12:40 Art as Work - A Discussion
From the Phoenix Foundation to filmmaker Taika Waititi, The Pathways to Arts and Cultural Employment or PACE scheme was credited with giving much needed space for artists to develop a career.
PACE was launched in 2001, allowing artists to sign up at the WINZ office without having to pretend to want to take on work in another field. They could get a benefit in return for proving they were producing and showing their work on a regular basis.
The scheme dwindled under the previous government, but now the Prime Minister and Arts, Culture and Heritage minister Jacinda Adern has pledged to explore the best ways to bring back PACE and explore other arts employment options. For a look at the history of PACE see this recent story by Adam Goodall on Pantograph Punch.
Earlier this month public art organisation Letting Space brought together Finance and Associate Arts, Culture and Heritage Minister Grant Robertson, and documentary maker Luit Bieringa to discuss the options and their own experiences as part of their Urban Dreams Monthly discussion series at Toi Poneke Arts Centre in Wellington.
Mark Amery covered the meeting, facilitated by Letting Space's Sophie Jerram.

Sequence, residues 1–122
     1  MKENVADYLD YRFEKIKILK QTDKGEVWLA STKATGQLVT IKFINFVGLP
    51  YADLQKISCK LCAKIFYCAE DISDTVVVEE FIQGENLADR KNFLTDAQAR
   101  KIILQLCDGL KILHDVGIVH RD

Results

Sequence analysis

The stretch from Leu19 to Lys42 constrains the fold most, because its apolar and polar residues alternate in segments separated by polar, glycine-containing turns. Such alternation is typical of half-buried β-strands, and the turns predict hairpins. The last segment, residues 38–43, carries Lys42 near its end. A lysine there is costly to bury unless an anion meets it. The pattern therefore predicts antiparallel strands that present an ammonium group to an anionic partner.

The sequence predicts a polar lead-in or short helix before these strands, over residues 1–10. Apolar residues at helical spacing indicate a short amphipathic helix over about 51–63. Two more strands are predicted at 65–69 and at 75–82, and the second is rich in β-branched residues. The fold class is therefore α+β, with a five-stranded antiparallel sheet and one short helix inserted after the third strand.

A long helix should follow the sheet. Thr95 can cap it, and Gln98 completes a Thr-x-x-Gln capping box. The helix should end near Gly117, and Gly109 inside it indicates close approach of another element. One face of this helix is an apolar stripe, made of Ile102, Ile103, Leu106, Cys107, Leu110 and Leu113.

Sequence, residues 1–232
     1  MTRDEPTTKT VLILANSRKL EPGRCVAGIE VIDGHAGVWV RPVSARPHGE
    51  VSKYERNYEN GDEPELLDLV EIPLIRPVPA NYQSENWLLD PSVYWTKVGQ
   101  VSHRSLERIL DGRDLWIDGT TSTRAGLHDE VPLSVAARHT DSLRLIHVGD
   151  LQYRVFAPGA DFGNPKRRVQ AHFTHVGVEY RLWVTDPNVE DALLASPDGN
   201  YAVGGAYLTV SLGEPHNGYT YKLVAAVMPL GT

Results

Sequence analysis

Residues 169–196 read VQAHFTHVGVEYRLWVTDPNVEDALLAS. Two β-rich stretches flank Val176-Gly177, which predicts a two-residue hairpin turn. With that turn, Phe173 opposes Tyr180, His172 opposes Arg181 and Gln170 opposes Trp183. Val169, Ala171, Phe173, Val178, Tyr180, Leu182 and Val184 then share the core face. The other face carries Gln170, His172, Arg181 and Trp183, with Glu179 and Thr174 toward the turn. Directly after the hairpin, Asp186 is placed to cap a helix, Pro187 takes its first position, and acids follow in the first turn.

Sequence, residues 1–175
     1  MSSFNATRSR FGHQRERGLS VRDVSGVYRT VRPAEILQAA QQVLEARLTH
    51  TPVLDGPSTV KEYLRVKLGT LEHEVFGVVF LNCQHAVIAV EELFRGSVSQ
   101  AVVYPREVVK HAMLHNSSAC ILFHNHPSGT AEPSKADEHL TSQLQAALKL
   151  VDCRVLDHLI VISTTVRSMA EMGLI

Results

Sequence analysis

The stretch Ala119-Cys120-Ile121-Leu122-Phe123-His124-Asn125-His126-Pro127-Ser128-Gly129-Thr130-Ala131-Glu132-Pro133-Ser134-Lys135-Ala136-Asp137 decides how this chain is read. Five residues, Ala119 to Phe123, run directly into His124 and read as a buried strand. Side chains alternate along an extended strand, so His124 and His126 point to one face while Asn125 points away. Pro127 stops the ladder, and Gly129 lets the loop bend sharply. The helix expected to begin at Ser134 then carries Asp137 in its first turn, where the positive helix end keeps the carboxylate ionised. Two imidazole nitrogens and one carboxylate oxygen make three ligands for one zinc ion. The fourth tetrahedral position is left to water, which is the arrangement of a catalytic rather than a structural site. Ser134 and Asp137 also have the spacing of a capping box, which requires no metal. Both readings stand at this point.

1:10 At The Movies
This week Simon Morris reviews Mary Shelley, Ant-Man and the Wasp and Ideal Home
1:33 The busy actor and director Miriama McDowell
When it comes to being a multi-skilled artist, Miriama McDowell ticks a lot of boxes. She's an actor, director and writer for stage and screen. And she's got two big projects on the go over the next few weeks.
First up is a show she's co-written for Auckland youth theatre company Massive based on the cast's own stories. She's also performing in a searing new political drama by Sam Brooks called Burn Her.
Miriama's CV includes appearances in films including Waru, No. 2 and The Great Maiden's Blush and TV series ranging from Hope and Wire to Find Me a Maori Bride.
Just last year she directing a popular production of Much Ado About Nothing for the Pop-up Globe in Melbourne. Massive's Sightings premieres at Q Theatre on the 24th of July and Burn Her opens at the same venue on the 2nd of August.
1:48 Nadia Reid mentoring students
Dunedin songwriter Nadia Reid is not only enjoying success in the international music scene but and making time to pass on what she's learnt with the next generation of young musicians. Nadia is taking time out from a full on touring schedule to mentor high school students selected for a free Dunedin programme called The Amped Music Project.
Local and national industry professionals will join Nadia to offer the students good advice and encouragement over seven weeks of workshops and gigs.Nadia says she's paying it forward, having valued the mentoring she received when at high school
2:06 The Laugh Track - Karl Burnett
Our guest this week was a household name and face back in the early years of Shortland Street - Karl Burnett aka Nick Harrison. Now Karl is one of the stars of a new Maori Television comedy Tongue Tied about a group of misfits trying to learn te reo.